New iPhones were announced last week and more of the latest cell phone models and electronic devices will arrive this fall. Are you planning to upgrade?
Cell phones, computers, DVRs, DVD players, game consoles, TVs, iPads and tablets, and e-readers — how many of these electronic devices do you have at your house? Chances are, your family has several. According to a recent Deloitte study, the average American family has about 25 connected devices at home. But how many of those are outdated?
When you replace an electronic device, you have a decision to make. What will you do with the old device? Here are some suggestions:
- Keep your electronics in use for as long as possible. The longer you use the electronics, the more “mileage” you get from the resources and energy required to make the devices. There are some very easy ways to keep electronics working longer. Remove dust from fans and air vents, which are usually found on the back of equipment. Let air circulate freely around electronics so they don’t overheat. Follow the manufacturer’s instructions for recharging the batteries.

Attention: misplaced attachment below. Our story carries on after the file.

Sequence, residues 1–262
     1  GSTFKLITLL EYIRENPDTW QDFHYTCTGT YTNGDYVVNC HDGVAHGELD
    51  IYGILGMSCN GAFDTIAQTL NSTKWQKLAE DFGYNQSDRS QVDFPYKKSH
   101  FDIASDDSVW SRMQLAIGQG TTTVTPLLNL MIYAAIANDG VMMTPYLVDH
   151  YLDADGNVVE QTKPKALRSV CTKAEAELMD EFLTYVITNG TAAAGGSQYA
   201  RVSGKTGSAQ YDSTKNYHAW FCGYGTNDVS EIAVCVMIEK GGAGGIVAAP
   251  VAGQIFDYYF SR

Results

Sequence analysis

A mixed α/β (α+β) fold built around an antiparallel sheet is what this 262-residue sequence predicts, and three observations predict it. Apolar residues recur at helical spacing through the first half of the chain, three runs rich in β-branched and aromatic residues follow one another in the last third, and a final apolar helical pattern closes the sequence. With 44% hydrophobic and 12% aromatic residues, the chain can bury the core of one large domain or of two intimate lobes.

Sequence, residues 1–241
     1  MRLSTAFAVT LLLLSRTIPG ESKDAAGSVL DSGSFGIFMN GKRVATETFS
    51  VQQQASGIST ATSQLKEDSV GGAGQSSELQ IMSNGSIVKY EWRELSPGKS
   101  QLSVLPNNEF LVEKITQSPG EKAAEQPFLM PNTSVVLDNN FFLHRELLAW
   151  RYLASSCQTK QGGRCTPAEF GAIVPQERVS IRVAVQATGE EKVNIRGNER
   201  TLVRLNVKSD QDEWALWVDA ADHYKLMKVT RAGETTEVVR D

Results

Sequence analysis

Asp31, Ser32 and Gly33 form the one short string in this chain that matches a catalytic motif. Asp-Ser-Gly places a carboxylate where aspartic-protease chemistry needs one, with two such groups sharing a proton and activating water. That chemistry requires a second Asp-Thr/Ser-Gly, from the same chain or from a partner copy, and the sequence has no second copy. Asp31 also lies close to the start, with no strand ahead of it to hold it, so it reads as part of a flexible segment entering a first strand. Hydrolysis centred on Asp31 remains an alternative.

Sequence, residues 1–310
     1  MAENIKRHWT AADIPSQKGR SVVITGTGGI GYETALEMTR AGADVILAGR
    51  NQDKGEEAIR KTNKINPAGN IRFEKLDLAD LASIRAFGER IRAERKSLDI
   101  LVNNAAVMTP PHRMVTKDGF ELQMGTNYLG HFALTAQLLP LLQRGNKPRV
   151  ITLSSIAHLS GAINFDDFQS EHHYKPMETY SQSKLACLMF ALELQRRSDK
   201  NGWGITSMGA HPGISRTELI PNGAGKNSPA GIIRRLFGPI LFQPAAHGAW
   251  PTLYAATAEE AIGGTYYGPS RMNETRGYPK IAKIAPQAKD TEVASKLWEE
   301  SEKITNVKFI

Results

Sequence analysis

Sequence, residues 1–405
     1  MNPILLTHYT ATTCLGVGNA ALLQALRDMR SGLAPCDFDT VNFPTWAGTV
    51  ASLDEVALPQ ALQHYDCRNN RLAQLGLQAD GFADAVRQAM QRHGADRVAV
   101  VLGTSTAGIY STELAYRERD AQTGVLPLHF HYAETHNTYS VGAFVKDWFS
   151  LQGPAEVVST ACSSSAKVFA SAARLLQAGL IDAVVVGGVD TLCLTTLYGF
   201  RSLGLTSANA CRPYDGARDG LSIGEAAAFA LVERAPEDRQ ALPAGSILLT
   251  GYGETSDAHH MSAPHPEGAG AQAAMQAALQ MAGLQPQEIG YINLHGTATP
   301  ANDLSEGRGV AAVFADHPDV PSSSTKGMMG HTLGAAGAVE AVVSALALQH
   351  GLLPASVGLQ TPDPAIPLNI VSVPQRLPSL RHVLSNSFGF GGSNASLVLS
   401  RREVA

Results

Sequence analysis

- Don’t store equipment that you no longer need or use. If you won’t be using the device again, don’t throw it into a drawer or shove it into the back of a closet and forget about it. Even if you’re done with them, electronics could be useful for someone else, especially if the device is less than five years old.
- Donate or sell working devices that are less than five years old. Used cell phones, computers, TVs, and accessories might be just what a new owner needs. Be sure to completely remove all your personal data before donating or selling your equipment.
- Recycle unusable electronic devices or those that you cannot give away. Nationwide, more than 6.92 million tons of electronics are discarded each year, and less than 20% of that is recycled. In many states, electronics are banned from landfills because they can cause pollution to water, air, and soil.
So, when your electronic devices become electronic waste, or e-waste, don’t put them into the trash. Instead, recycle them. Check for a local e-waste collection site or event in your community. Most devices are accepted at no charge, but fees may apply for others, such as TVs.
Recycling electronics ensures that hazardous materials, such as lead and mercury, are safely managed. It also conserves resources, recaptures useful metals, reduces pollution, saves energy, and helps create jobs.
For more, read Don’t Trash Old Electronics. Reuse or Recycle Instead.
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